Data classes

The pain of creating Java Beans isn't too high in Java when using a good IDE such as IntelliJ IDEA.  I tend to create my Java Beans with their attributes and just hit Alt+Enter to insert my constructor and my getters.  Builders can definitely be a pain however as I don't think I've ever found a nice shortcut or plugin to create/maintain them.  Regardless of how easy it is to create this code, you're still left with a lot of it about!  Data classes in Kotlin make this so much nicer.  They provide equals(), toString() and no real need for builders due to the nice syntax of the language (See this... How to create a builder in kotlin? - Don't!).

How Immutable to be?

Whilst trying to make all of my objects nice and immutable, I hit a problem.  I wanted to created a Maze from my ASCII art input as shown above.  Each Maze consisted of a List of a List of Cells.  The original idea was to have a Cell consist of immutable attributes (i.e. vals and not vars) as follows:-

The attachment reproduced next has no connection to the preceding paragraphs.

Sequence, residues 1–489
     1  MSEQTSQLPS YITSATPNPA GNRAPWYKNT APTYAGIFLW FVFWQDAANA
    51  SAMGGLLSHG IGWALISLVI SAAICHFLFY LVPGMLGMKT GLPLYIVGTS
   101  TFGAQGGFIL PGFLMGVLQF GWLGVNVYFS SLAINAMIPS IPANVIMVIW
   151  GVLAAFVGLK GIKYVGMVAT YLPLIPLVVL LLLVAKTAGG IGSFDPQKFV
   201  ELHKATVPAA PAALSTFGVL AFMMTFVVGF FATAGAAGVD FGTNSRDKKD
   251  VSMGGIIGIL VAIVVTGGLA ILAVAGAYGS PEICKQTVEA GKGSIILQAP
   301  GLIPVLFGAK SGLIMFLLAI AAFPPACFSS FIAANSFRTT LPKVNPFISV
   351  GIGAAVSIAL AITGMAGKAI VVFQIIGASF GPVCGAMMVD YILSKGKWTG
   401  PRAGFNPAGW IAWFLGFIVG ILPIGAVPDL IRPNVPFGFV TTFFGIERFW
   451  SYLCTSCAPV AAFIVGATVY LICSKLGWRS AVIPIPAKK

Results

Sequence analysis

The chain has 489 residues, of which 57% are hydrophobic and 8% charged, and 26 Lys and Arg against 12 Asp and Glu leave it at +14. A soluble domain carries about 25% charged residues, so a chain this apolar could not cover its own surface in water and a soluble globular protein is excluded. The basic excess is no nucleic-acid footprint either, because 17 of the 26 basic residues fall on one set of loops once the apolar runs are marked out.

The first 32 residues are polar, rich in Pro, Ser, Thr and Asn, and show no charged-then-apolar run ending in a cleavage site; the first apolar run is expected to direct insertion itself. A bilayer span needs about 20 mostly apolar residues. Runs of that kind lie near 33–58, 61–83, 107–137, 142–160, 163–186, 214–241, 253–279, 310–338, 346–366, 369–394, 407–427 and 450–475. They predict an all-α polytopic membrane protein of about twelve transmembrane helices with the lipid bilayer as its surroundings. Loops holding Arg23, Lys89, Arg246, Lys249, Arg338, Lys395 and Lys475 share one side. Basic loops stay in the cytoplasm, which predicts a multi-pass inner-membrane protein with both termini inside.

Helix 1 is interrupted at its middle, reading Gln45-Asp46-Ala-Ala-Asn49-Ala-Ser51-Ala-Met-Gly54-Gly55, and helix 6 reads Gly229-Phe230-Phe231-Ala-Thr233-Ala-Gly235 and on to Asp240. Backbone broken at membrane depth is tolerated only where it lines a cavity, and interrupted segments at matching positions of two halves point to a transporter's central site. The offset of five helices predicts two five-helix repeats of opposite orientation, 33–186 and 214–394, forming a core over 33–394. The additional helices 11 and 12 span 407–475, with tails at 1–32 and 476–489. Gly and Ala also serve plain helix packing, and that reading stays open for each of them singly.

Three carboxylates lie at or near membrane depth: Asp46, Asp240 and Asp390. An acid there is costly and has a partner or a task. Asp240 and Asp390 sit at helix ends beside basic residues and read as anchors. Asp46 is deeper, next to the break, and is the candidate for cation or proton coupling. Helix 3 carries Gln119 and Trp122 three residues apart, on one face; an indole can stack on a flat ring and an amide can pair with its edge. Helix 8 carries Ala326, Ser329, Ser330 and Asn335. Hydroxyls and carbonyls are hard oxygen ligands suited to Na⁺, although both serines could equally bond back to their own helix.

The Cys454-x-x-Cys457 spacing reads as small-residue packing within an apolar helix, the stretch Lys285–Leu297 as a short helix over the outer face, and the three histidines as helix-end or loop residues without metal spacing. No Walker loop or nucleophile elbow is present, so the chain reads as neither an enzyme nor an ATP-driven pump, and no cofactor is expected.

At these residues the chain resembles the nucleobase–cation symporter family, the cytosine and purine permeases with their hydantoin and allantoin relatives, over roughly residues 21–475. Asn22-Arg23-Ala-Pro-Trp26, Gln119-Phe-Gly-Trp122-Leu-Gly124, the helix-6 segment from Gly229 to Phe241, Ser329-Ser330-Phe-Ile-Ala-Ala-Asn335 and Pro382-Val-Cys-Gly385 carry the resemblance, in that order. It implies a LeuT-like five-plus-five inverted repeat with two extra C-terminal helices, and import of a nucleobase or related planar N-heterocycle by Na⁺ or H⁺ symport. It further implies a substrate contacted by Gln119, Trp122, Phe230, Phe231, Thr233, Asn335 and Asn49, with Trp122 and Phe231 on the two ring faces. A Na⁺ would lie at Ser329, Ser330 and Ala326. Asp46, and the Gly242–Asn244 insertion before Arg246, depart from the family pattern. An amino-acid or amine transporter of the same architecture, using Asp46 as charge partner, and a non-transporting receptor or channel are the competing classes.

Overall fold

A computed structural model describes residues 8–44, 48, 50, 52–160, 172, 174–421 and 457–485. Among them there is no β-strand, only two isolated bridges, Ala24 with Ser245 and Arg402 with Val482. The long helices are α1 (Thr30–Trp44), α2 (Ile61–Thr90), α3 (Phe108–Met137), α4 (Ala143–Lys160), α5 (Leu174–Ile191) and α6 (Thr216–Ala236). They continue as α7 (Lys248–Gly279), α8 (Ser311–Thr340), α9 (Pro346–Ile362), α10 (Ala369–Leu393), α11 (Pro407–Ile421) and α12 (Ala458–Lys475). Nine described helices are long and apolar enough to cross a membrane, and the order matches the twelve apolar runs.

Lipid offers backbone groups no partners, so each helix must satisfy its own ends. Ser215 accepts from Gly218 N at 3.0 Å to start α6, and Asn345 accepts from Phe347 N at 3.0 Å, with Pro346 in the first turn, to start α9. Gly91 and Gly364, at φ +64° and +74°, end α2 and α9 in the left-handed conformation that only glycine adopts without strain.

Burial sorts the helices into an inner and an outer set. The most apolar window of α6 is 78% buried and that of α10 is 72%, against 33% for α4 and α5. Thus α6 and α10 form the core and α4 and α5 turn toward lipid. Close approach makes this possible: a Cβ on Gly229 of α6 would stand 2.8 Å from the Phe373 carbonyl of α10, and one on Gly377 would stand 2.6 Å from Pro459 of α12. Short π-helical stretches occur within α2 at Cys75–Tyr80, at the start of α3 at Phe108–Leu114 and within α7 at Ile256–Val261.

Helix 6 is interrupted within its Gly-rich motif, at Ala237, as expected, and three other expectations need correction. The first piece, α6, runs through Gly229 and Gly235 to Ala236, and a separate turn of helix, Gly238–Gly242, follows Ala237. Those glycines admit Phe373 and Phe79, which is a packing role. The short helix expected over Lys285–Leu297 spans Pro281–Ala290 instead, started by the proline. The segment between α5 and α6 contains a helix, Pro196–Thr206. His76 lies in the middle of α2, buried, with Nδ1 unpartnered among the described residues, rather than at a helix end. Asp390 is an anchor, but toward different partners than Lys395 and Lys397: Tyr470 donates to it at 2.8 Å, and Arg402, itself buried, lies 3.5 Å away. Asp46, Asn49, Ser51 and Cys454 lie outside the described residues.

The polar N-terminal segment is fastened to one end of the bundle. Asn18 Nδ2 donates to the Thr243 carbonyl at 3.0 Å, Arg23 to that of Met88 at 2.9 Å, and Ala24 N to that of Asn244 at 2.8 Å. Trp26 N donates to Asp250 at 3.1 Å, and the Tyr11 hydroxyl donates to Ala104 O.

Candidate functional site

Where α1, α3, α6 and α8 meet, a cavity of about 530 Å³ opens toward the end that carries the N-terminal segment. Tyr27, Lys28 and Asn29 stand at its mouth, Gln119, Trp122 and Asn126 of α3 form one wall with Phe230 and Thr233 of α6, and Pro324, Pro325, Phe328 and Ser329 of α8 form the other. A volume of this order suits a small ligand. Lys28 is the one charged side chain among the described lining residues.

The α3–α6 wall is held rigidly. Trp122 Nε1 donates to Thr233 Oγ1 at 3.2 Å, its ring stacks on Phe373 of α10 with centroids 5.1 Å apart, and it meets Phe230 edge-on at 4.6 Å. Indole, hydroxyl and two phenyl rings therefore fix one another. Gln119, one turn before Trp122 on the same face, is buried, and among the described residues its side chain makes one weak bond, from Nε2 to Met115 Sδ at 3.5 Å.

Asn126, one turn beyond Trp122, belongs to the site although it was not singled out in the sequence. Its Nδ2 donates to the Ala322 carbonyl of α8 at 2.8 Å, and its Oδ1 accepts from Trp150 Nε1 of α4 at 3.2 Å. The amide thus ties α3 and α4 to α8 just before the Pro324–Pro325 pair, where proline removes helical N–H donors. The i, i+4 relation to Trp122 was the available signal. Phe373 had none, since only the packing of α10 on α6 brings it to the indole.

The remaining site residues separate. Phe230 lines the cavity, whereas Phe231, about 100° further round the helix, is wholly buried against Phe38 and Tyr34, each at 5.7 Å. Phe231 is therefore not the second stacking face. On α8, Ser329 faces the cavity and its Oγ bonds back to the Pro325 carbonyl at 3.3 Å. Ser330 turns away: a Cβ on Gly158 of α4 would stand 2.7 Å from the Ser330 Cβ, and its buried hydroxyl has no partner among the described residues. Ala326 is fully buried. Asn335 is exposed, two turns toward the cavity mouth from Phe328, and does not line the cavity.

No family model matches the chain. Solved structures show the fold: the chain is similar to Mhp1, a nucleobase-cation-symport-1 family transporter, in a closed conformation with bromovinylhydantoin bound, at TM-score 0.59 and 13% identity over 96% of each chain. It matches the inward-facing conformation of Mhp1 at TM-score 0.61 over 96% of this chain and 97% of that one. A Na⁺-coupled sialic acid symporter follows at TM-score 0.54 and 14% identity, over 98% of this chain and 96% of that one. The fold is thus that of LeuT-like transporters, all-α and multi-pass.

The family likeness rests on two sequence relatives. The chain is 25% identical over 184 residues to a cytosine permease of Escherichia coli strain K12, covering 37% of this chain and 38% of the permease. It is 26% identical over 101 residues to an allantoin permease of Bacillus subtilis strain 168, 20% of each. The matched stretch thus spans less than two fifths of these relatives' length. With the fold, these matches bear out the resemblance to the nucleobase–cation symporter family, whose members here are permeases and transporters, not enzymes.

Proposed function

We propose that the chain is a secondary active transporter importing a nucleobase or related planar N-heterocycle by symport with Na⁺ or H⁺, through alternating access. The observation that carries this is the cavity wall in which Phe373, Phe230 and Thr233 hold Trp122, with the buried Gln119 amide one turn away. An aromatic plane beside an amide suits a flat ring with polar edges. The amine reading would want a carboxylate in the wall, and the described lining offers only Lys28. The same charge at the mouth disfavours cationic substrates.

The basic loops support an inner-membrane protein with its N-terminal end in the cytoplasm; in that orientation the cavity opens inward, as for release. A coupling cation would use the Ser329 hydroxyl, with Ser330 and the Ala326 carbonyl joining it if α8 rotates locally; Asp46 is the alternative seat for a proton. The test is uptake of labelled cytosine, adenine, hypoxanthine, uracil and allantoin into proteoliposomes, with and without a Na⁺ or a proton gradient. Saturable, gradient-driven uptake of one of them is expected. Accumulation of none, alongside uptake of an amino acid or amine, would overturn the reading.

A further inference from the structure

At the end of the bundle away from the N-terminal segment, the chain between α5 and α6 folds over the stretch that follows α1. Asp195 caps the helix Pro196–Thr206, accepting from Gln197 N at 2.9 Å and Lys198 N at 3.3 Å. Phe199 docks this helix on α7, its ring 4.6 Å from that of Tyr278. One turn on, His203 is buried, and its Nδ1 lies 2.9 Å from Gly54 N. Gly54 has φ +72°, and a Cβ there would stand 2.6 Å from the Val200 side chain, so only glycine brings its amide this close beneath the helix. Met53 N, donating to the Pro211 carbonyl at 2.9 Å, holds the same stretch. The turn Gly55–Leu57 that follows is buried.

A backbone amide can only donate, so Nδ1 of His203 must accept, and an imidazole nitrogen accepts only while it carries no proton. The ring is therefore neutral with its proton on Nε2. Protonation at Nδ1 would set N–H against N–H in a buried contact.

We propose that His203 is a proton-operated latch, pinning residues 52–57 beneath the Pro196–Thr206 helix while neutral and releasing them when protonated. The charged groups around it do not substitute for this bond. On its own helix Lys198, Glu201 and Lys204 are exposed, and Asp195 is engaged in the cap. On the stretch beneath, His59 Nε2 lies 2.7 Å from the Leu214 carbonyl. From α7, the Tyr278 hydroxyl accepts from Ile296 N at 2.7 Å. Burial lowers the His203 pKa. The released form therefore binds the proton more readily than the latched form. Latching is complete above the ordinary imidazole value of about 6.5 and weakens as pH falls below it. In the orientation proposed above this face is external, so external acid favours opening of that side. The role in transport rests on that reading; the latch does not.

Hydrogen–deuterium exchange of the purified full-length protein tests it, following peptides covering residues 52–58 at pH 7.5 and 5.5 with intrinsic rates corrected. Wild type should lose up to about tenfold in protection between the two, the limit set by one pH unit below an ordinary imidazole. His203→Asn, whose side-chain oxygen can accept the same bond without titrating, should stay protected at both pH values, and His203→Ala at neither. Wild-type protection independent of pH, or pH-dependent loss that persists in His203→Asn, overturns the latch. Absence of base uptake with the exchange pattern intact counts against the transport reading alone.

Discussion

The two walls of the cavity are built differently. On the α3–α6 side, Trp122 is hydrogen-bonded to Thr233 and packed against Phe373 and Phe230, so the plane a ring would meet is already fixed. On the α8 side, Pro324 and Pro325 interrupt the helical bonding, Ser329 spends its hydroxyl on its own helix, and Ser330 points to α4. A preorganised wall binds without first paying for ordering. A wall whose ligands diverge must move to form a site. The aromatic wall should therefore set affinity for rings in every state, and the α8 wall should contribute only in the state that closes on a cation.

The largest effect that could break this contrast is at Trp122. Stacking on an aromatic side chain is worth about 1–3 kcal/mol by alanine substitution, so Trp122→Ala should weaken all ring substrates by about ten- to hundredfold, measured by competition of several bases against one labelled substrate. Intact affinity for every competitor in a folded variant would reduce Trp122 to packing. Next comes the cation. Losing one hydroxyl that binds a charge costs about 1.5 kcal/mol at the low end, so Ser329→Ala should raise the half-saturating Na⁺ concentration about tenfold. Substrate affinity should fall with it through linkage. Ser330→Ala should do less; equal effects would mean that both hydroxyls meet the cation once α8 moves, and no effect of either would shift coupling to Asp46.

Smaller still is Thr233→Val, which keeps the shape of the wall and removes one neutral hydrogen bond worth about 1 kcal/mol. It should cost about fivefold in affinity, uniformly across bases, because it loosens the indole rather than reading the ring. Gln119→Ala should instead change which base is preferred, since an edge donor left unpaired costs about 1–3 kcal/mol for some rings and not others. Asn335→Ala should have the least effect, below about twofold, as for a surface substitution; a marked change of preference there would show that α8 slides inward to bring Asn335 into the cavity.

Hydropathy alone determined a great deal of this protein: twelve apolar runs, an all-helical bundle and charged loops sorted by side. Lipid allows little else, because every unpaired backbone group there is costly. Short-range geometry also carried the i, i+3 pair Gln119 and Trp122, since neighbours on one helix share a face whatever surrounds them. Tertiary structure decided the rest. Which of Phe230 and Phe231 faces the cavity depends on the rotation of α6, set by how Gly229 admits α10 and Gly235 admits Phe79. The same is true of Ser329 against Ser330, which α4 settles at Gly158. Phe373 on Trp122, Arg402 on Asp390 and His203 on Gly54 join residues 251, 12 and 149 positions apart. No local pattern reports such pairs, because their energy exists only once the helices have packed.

data class Cell(val type: Type,
                val xAxis: Int,
                val yAxis: Int,
                val down: Cell,
                val up: Cell,
                val left: Cell,
                val right: Cell)

Given that a Cell consisted of four other Cells (i.e. a recursive data structure), you couldn't create a cell until you have created every other cell required for the entire maze.  This didn't seem possible.  One option would be to create a "half baked" Cell which had it's sibling cells missing (null) at first.  From that, a copy could be made each time a new sibling needed to be set.  I considered this, but thought that it was more complex than just having a mutable Cell class as follows:

data class Cell(val type: Type,
                val xAxis: Int,
                val yAxis: Int,
                var down: Cell? = null,
                var up: Cell? = null,
                var left: Cell? = null,
                var right: Cell? = null)

This design made it actually possible for me to write the code (which was a good sign!).

Parsing the ASCII and generating a Maze

The ASCII art was parsed a line at a time creating the List of List of Cells.  The first parse would create Cells with just the type, xAxis and yAxis set.

Cell(   type = fromChar(character.toChar()), 
        xAxis = xIndex, 
        yAxis = yIndex)

Once complete, the Cells would have their sibling Cells set by the addDownUpLeftRightToCells method.

private fun addDownUpLeftRightToCells(gridOfRows: List<List<Cell>>) {